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A passenger in a protective mask uses her phone at Rome's Fiumicino airport, after the first cases of coronavirus were confirmed in Italy, on Jan. 31, 2020.YARA NARDI/Reuters

Letters to the Editor should be exclusive to The Globe and Mail. Include your name, address and daytime phone number. Try to keep letters to fewer than 150 words. Letters may be edited for length and clarity. To submit a letter by e-mail, click here:

Coronavirus: By the numbers

Re Canadian Evacuees From Epicentre Of Coronavirus Outbreak To Be Quarantined For Two Weeks At CFB Trenton (Feb. 3): Ottawa is planning to fly 325 Canadians back to CFB Trenton for quarantine. If the coronavirus, or a similar virus, were to break out in Hong Kong, how would the government deal with the possibility of having to airlift approximately 300,000 Canadians back home? Would we be ready to deal with the epidemic?

Doug Turner Victoria

Re Research Supports Canada’s Decision To Reject A Coronavirus Travel Ban (Feb. 4): I believe this is an incomplete representation of the evidence. If travel restrictions are not initiated too late and are sufficiently rigorous, other research suggests it can delay the peak of a pandemic wave by months. A 2014 study published by the World Health Organization shows that such a delay may provide extra time to evaluate and procure antiviral medications and other treatments, implement public health intervention strategies, organize assessment centres and perhaps delay the peak into warmer months, during which many respiratory viruses circulate less well.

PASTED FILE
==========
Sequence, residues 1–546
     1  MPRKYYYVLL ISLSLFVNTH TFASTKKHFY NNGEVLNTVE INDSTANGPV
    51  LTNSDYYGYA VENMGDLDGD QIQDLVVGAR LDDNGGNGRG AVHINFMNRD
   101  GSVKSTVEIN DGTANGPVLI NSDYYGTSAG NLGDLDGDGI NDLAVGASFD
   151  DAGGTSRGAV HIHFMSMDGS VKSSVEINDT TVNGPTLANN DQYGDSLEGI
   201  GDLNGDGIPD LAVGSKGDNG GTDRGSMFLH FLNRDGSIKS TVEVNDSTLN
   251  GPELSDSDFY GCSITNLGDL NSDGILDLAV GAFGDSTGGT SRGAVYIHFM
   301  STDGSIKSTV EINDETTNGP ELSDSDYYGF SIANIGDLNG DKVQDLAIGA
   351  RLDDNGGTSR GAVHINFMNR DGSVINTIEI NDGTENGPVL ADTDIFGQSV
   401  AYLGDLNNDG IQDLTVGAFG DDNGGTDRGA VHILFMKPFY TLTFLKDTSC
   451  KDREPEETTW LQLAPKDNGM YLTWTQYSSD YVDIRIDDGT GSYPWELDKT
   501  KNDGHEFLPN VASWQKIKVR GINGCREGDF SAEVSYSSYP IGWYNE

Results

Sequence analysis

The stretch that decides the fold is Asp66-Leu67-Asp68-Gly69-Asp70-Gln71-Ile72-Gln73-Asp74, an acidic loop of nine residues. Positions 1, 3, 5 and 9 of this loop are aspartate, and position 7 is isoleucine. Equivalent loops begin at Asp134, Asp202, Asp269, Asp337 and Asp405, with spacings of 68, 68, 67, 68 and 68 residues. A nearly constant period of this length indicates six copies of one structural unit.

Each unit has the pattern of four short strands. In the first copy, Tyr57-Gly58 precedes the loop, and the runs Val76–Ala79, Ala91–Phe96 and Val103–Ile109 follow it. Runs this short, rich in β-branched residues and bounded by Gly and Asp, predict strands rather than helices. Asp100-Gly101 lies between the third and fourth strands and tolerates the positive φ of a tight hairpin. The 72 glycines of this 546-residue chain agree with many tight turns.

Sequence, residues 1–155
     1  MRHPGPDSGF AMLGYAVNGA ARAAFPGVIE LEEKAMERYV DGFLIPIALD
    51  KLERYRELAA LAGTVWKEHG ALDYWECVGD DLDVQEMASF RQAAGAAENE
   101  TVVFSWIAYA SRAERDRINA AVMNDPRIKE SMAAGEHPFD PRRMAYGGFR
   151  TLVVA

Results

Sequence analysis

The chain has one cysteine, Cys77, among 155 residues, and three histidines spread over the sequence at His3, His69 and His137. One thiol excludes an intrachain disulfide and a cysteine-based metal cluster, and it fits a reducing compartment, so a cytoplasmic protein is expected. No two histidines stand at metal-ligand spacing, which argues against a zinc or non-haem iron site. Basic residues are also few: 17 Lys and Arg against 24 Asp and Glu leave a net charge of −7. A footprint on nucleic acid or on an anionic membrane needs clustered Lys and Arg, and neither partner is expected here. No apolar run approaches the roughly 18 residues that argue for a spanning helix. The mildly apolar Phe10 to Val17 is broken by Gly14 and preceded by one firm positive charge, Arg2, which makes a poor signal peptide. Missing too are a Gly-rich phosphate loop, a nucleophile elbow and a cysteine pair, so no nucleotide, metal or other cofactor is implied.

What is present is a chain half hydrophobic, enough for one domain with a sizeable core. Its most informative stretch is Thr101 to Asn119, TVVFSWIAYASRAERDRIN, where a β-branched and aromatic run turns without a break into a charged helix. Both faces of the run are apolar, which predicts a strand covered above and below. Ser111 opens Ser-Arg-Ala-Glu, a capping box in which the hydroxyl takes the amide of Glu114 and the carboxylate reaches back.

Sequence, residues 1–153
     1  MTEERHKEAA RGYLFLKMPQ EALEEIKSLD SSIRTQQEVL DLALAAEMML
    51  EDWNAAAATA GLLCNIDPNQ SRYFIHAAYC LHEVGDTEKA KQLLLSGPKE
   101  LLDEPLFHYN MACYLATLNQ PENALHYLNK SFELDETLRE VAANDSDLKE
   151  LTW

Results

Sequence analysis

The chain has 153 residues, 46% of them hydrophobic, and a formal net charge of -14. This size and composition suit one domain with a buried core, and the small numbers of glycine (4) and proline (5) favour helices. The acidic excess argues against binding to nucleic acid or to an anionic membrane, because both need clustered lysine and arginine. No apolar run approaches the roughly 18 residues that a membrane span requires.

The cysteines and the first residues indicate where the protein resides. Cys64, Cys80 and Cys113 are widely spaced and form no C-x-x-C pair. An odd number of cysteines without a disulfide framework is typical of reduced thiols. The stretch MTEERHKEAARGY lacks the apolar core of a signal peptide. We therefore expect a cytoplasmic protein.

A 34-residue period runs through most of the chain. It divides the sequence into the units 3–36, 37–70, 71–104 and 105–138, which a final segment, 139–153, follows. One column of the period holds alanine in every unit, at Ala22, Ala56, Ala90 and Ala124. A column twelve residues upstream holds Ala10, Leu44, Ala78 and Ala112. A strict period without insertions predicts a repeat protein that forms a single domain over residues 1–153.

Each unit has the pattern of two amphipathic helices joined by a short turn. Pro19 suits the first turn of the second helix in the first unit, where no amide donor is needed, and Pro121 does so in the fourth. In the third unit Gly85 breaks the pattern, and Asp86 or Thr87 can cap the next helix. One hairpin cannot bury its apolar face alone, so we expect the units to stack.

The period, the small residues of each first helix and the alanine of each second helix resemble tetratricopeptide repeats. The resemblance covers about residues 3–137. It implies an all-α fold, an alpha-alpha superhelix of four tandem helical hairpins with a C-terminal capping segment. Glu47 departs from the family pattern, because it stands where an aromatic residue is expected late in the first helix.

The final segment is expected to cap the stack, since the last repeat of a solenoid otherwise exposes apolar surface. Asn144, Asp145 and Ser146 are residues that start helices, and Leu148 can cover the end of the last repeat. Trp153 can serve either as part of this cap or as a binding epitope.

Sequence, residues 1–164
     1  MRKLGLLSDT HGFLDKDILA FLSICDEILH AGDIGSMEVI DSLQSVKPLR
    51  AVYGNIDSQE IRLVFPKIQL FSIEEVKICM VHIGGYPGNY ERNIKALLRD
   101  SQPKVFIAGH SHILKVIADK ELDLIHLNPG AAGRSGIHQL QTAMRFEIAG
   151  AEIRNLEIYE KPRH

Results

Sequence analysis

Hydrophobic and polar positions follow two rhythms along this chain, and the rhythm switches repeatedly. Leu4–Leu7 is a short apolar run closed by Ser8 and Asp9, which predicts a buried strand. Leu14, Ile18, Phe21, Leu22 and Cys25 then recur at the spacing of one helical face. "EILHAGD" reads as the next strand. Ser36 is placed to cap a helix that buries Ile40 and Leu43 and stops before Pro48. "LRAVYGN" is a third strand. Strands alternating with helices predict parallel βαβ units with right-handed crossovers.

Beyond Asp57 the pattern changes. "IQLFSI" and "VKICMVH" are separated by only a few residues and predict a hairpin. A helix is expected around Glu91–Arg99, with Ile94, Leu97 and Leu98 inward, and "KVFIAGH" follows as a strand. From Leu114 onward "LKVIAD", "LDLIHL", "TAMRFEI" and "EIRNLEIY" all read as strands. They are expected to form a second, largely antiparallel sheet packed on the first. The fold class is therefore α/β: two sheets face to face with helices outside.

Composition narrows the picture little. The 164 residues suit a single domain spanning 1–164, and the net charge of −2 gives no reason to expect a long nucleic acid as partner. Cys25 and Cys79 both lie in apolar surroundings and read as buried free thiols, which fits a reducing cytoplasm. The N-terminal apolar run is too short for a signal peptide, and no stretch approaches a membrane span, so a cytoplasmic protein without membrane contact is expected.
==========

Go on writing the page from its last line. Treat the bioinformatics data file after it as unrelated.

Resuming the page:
Specialists called for strong travel restrictions almost two weeks ago. Unfortunately, the debate now may well be moot.

Monir Taha MD, FRCPC; Ottawa

Beginning to end

Re A Mi’kmaq Community’s Fears Of Toxic Water Recede As Northern Pulp Mill Winds Down (Feb. 4): I was the ripe old age of 9 when the Northern Pulp mill opened in 1967 and I swam in the new and untreated effluent from Boat Harbour. Our cottage was located just yards away from the entrance to this once-pristine tidal lagoon. I swam in it on many occasions in the years afterward, until we were expropriated by the Nova Scotia government. For my family, and others nearby, the solution to pollution was not dilution – it was expropriation. The nearby Boat Harbour Mi’kmaq band was not so fortunate.